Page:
The Power of Invisibility in Art + Gender at The Harlow Gallery

In Men Explain Things to Me author Rebecca Solnit describes going to a dinner at which she is lectured by the host, who she had just met, about a book that he had not yet read (although he had read the review for it). Solnit goes on to relate how it took her friend several times to point out to this man as he pontificated that the book that he was exhorting was written by Solnit. It is on this premise that she goes on to write:

“Some women get erased a little at a time, some all at once. Some reappear. Every woman who appears wrestles with the forces that would have her disappear. She struggles with the forces that would tell her story for her, or write her out of the story, the genealogy, the rights of man, the rule of law. The ability to tell your own story, in words or images, is already a victory, already a revolt.”

The concept of erasure, the wiping of a person – non recognition, dismissal, bullying, intimidation, oppression – crosses cultures and timelines. Women through the ages have endured societal norms that would have them invisible, undoubtedly after a certain age when their physical attributes, and uses, may have changed. A level of achievement often matters little, as a woman’s strength may be a matter of negativity as it breaks the code, and therefore necessitates even greater eradication. We are taught not to be the Bitch, not to make trouble, not to think too much. But with time we find our way, we navigate and negotiate, and understand that to be present in ourselves it is not necessary to gauge our reflection in the faces of those who would choose to keep us powerless.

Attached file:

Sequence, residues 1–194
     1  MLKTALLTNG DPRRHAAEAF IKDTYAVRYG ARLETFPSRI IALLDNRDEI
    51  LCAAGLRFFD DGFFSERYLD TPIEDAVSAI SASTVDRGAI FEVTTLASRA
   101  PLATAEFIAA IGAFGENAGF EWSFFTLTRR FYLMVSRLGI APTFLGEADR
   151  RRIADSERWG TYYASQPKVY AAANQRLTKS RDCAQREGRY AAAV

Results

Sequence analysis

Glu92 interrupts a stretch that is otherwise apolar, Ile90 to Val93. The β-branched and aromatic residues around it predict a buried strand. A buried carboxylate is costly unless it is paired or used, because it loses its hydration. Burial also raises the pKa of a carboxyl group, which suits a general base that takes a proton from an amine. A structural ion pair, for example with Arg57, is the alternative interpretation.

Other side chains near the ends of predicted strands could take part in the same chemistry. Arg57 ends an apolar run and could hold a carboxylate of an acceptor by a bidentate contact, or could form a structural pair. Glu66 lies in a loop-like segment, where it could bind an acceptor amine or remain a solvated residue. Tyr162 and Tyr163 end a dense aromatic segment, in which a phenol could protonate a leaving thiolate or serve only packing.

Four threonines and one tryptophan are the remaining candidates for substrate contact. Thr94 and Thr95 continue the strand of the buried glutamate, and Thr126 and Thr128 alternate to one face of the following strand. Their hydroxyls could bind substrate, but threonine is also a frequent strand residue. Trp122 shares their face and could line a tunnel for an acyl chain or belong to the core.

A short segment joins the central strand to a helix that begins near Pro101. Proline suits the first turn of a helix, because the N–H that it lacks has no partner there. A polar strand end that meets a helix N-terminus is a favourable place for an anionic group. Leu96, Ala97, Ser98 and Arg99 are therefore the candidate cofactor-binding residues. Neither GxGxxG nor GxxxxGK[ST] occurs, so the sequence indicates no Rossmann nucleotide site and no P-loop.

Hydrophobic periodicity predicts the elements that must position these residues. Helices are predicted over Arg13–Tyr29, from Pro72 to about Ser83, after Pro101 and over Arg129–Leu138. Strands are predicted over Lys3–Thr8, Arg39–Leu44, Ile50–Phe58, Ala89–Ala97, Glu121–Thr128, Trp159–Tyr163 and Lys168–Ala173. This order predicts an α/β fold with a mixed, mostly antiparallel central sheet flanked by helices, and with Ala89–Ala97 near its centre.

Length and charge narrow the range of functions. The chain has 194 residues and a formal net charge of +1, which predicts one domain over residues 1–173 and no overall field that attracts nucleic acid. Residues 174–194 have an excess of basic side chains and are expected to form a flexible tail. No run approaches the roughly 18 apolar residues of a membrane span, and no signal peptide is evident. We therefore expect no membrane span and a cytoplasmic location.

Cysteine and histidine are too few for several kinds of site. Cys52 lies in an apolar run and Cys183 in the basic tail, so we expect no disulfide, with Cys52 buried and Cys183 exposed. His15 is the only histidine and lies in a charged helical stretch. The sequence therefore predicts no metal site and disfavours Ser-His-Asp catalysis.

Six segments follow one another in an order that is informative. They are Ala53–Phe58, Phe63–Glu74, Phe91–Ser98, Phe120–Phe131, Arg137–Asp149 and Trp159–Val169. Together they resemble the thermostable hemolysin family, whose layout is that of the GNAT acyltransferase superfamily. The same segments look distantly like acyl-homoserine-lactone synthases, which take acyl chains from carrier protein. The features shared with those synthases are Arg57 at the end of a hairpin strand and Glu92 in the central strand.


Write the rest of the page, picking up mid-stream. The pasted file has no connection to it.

Bearing witness to the invisibility of oneself and others – an evaluation, acknowledgement, and even embrace of that invisibility – is a power.

The current vernacular of words like cancellation and labeling, along with the divisiveness of the other, is simply the miasma surrounding the effort of many of us who strive for the ability to own our own difference. Historical edict is a tool, not a control, and those who would be resistant to change or try to regulate those who move forward are the ones who lag.

Erasure may obliterate, but it may also augment those who understand that to be effaced is an opportunity for evolution. Clarity and resolve will fortify that progress.

The purpose of art is to lay bare the questions that have been hidden by the answers.
James A. Baldwin


The Power of Invisibility is currently on view in the exhibition
Art + Gender
curated by Susan Leslie Maasch
at The Harlow Gallery
Hallowell, Maine

Exhibition includes the work of Bobbie Tilkens Fisher, Jennifer Lee Morrow, Anna Fubini, Alix Martin, Amy Kustra, Aiden Fraser//The Luster Hustler, Jaysin Eli, Deborah Whitney, E. Jordan, Ellyn Snider, Sally Stanton, Jack Montgomery, Heather Prestage, Sally Wagley, Jaime Wing, MaryJane Johnston, Alix Barron, Carol Rideout, Tori Marsh, Sarah Madeleleine Tierney Guerin, KiKA Nigals

exhibition dates: 6 August – 11 September 2021
call gallery for information 207.622.3813